“As We Also Forgive Our Debtors”
1. When we ask God to forgive us, we promise to forgive those who have offended us. Unless we are to be guilty of deception, therefore, we must pardon them. If we refuse to forgive, God will not forgive us. Jesus tells us in the Gospel to pardon offences not seven times, but seventy times seven. (Cf. Mt. 18:22) In other words, we must always be prepared to forgive. He tells us to return good for evil and to turn the other cheek when someone strikes us.
Not alone did Jesus command us to do this, but He also set us an example. While He was suffering fearful torments on the Cross and was surrounded by jeering enemies, He turned to His heavenly Father and uttered those sublime words: “Father, forgive them, for they do not know what they are doing.” (Luke 23:24)
How could we gaze at the Crucifix and dare to refuse forgiveness to anyone? No matter how grave may seem the injuries done to us by our neighbour, let us remember that they are insignificant in comparison with the insults which we have dared to offer to the infinite majesty of our Creator. They are as the hundred denarii compared with the ten thousand talents of Christ’s parable. (Mt. 18:24-28)
If we wish to receive God’s pardon, therefore, let us be prepared to forgive. Let our forgiveness be sincere, however, and not a mere formal token. The forgiveness freely granted by a heart scourged by the injuries of others is a pleasing sacrifice offered to God.
2. “If thou art offering thy gift at the altar,” Jesus tells us, “and thou rememberest that thy brother has anything against thee, leave thy gift before the altar and go first to be reconciled to thy brother, and then come and offer thy gift.” (Mt. 5:23-24) Prayer is futile, therefore, unless we have first forgiven our enemies.
“Learn from me,” Jesus said when He proposed Himself as a model to be imitated, “for I am meek and humble of heart.” Then, He added, “you will find rest for your souls.” (Cf. Mt. 11:29) How true this is. The foundation of our hatred, anger, and resentment is always our wounded pride. We need Christlike gentleness and humility if we are to forgive sincerely and generously. Only when we have this gentleness and humility, moreover, shall we find joy in forgiving, and only then shall we have peace. As long as there is room in our hearts for pride and hatred, we can never enjoy peace of soul.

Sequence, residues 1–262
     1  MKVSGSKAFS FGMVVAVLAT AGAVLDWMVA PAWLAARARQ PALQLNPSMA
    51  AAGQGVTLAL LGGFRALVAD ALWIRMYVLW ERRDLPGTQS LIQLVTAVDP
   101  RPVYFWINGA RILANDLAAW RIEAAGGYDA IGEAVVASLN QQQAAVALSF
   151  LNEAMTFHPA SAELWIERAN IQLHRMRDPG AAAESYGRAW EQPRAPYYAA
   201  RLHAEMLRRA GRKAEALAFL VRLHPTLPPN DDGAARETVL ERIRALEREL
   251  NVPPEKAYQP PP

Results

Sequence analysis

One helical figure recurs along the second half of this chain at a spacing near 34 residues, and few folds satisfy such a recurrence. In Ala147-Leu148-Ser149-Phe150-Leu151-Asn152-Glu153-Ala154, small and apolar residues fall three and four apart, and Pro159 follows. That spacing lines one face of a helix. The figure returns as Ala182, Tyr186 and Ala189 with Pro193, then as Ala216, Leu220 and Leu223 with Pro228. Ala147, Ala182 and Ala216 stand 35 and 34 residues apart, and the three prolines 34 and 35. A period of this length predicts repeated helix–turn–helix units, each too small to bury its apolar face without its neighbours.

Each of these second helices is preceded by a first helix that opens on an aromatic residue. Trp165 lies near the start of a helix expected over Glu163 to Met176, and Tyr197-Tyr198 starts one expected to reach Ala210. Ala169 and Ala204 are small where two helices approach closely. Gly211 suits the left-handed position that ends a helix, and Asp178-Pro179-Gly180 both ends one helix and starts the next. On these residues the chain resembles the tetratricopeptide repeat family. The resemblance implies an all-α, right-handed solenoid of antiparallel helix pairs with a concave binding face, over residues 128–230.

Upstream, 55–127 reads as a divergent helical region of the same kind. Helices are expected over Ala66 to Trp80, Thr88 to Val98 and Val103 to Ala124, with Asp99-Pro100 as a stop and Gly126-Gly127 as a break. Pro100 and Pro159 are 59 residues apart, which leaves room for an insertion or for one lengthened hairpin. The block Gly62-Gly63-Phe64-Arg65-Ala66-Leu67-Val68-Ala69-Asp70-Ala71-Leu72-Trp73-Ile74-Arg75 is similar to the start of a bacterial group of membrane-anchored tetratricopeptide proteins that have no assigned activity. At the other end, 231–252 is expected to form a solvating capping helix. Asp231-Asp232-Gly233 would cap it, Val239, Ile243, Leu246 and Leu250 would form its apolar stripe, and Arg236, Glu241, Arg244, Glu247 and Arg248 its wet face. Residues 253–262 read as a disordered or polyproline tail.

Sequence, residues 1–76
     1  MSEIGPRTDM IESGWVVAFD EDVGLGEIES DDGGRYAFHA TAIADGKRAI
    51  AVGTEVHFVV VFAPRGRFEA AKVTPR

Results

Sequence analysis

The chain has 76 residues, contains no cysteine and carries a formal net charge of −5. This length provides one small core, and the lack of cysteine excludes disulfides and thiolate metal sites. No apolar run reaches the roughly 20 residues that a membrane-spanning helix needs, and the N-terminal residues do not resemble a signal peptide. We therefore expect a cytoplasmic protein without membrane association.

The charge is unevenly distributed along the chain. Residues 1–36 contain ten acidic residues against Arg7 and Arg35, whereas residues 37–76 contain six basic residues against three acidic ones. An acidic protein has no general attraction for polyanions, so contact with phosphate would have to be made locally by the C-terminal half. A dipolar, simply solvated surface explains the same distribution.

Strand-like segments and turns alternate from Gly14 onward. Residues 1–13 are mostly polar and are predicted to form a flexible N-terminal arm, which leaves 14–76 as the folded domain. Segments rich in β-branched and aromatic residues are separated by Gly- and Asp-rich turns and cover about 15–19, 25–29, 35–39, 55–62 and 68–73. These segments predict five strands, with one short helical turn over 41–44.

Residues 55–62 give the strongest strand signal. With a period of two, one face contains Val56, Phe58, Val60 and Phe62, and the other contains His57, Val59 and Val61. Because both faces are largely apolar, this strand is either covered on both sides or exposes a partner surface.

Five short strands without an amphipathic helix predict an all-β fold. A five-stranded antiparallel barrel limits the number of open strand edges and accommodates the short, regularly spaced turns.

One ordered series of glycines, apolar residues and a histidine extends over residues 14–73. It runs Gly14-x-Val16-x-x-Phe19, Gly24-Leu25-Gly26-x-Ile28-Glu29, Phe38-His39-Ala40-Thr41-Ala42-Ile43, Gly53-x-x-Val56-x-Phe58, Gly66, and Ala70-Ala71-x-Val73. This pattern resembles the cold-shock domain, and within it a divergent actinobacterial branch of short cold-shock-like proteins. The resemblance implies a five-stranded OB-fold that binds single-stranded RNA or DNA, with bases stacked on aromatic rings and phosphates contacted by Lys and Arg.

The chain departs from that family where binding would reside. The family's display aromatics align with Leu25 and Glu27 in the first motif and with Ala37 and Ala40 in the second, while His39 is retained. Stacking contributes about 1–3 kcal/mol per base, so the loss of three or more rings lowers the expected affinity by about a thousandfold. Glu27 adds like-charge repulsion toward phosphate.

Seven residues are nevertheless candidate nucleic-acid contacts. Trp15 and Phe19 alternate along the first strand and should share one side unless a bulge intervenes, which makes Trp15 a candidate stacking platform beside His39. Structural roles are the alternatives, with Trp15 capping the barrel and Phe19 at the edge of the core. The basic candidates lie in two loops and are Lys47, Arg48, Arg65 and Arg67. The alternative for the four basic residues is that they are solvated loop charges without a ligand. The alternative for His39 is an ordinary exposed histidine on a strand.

3. Some people hold that it is base and low-spirited to forgive easily, whereas a keen sense of honour demands revenge. Nothing could be more false. Even animals seek revenge. The true greatness of human nature lies in its ability to conquer the lower instincts. “It is far more difficult,” wrote a famous historian of antiquity, “to overcome oneself than to defeat one’s enemy in battle.” (Val. Max., L, 4) Forgiveness requires a victory over pride and sensitivity and is therefore a high act of human value.
When we forgive, we do not abase ourselves before the man who has offended us, but we raise ourselves above him by our nobility and generosity. By behaving in this manner we display our self-control, inspire sentiments of respect and benevolence, and may even bring about a reconciliation and a renewal of friendship.
So let us make a few good resolutions. (1) Remembering how Jesus prayed for His executioners, let us always be generous in pardoning others. (2) Let us do good to those who have offended us, adopting the motto of St. Paul: “Be not overcome by evil, but overcome evil with good.” (Rom. 12:21) (3) When the injury which we have received disturbs us greatly and causes us to lose our peace of mind, let us remain silent and procrastinate. “Delay is the best cure for anger,” wrote Seneca, who also very truly observed that whenever we have been angry with others we end by being angry with ourselves.